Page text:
Pride Roundtable: LGBTQ Actors Say Queer Characters Require Hiring Queer Writers | Video

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An actor shouldn’t “play educator and be the token person,” says “Yellowjackets” star Nicole Maines during TheWrap’s panel

Solutions start in the writers’ room. That’s what seven LGBTQ actors from diverse ethnic and gender identities agreed upon during TheWrap’s Pride month roundtable, in which we invited the performers to share their experiences as queer talent in Hollywood.

“What We Do in the Shadows” actor Harvey Guillén recalled times he had to help accurately translate Spanish dialogue because there were no Mexican writers on his production. “Reservation Dogs” writer, actor and director Devery Jacobs, who identifies as indigenous and queer, said she got her “ass into the writers room since I was that annoying actor with so many notes.”

“[There] should never be a situation where you have queer characters and not queer writers, to at least go with those characters,” said “Yellowjackets” star Nicole Maines, who is transgender. “If you’re going to have a trans character, hire a trans writer too because it shouldn’t just be on that actor to play educator and be the token person.”

In addition to Guillén (he/him), Jacobs (she/her) and Maines (she/her), the roundtable — titled The Fight Continues: Hollywood’s Role in LGBTQ Representation and Safeguarding Rights — also included “Ted Lasso” actor Jodi Balfour (she/her), “Fire Island” writer/actor Joel Kim Booster (he/him), “Schmigadoon!” actor Tituss Burgess and “Guardians of the Galaxy Vol. 3” actor Nico Santos (he/him).

All seven actors recalled personally experiencing homophobia and transphobia on productions, both overt and subtle. Most of these incidents stemmed from ignorance rather than hate, and a few ended up having positive outcomes or affecting change. Still, the actors agreed that it’s not solely upon them to educate those they work with, and there’s still a long way to go for the industry to be truly inclusive.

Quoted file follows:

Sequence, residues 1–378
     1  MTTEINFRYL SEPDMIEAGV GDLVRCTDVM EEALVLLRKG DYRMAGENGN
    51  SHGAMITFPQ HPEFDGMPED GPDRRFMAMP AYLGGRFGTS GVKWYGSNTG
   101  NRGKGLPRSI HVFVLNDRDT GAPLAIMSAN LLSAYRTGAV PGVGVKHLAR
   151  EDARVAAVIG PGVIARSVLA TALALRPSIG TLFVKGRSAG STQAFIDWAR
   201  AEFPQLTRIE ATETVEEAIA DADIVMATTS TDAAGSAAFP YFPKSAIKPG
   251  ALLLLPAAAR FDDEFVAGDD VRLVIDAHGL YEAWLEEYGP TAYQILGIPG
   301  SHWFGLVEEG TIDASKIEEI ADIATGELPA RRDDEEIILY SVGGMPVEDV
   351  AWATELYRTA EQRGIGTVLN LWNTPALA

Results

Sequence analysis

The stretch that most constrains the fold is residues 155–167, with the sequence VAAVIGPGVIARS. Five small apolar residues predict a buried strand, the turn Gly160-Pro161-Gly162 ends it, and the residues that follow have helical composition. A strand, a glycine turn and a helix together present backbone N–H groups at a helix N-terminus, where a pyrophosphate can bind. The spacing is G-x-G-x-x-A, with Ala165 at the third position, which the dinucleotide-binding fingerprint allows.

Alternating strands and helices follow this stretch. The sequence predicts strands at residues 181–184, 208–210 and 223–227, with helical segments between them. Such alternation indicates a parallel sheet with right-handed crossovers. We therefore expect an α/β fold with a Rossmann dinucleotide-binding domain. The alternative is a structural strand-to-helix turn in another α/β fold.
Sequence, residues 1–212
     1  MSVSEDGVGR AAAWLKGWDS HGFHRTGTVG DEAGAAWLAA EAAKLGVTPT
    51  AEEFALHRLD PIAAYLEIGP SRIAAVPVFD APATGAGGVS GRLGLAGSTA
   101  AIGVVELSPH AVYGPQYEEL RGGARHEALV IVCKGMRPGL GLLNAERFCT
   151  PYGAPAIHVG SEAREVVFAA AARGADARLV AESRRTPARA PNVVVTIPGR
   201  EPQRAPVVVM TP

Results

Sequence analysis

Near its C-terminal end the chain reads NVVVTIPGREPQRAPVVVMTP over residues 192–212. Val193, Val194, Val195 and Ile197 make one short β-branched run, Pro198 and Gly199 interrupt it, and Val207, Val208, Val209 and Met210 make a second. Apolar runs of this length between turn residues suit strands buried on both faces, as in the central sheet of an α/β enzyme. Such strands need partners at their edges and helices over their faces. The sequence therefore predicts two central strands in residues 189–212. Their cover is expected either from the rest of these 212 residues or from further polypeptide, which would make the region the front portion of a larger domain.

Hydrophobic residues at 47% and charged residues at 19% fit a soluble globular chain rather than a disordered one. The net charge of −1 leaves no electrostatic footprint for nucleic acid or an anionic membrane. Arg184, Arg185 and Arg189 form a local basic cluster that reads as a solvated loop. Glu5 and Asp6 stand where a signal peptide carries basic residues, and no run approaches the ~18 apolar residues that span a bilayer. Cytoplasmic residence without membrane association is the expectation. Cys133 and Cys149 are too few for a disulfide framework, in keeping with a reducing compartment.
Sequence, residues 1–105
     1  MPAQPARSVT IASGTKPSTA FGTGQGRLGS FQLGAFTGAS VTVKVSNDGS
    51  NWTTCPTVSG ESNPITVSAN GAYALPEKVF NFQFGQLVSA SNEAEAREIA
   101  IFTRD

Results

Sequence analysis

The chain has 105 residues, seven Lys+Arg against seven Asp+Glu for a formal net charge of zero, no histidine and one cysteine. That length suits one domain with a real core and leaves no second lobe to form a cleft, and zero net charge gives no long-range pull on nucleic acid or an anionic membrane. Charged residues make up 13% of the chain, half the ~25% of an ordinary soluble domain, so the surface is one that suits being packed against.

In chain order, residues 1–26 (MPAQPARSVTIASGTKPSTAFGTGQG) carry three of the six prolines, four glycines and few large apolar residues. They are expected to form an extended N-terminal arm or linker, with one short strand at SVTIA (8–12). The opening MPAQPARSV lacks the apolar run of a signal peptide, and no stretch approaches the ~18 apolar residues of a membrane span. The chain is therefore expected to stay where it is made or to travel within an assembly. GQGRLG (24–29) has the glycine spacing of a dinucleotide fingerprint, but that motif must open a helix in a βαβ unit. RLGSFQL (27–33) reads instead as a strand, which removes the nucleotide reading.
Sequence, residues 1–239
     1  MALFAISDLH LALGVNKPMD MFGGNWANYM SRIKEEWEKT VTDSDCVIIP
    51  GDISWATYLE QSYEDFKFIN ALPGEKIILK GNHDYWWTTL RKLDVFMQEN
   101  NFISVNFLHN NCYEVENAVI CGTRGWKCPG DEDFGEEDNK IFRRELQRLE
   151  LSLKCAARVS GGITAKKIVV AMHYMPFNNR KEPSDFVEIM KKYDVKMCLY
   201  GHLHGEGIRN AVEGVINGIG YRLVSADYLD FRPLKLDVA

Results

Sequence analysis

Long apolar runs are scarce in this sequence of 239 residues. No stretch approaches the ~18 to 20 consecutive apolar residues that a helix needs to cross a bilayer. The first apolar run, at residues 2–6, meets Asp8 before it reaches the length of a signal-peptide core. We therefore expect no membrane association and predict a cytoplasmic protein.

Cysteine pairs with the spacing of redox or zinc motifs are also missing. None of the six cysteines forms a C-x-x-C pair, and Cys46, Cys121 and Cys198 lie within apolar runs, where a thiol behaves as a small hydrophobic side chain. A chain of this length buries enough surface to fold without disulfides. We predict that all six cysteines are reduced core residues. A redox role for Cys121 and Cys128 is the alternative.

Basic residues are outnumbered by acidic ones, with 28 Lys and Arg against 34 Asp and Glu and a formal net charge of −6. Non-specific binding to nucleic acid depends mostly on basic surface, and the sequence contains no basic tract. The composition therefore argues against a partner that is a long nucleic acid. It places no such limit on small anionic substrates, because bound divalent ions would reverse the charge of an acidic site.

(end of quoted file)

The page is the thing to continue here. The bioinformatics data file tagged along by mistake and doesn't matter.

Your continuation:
Homophobia and transphobia often manifests in scripts. While guesting on the CBS sitcom “2 Broke Girls” early in his career, Nico Santos came across a line that gave him pause.

“Basically, it was implying that my character was a pedophile because he was gay,” Santos recalled. “And I was like, ‘Do you really have to say that he’s into underage boys?’”

Santos voiced his concerns to someone at CBS, who brought it up to the head of the network. The line was eventually changed to something “less offensive” but “still kind of offensive.” At the time, Santos feared even raising his concern would land him on some sort of blacklist, so he felt he had to “grin and bear it.”

Jacobs recalls a time when she portrayed a Two Spirit character and had to define the term. She remembers getting the next draft of the script, which she said included “literally a Wikipedia search in the dialogue on what Two Spirit was” — a consequence, she says, of not having indigenous, queer and Two Spirit writers in the writers room.

Other times, homophobic stereotypes creeps up in direction, not just scripts.

Joel Kim Booster recalled a time when directors questioned his ability to catch a ball in a scene, which came across, as he called it, “benevolent homophobia.”

“They were like, ‘Oh, if you’re not comfortable catching a ball, we don’t want to embarrass you,’” the comedian recalled. “It was clear it was a gay thing. And I was like, ‘Thank you for looking out, I guess. But I’m gay and I can catch a ball. Thank you very much.”

There was also the time Guillén was told he was playing a scene too emotionally. While shooting a coming out scene for his “What We Do in the Shadows” character, director Kyle Newachek asked Guillén to do it again, questioning, “Do you think you’d be that emotional?”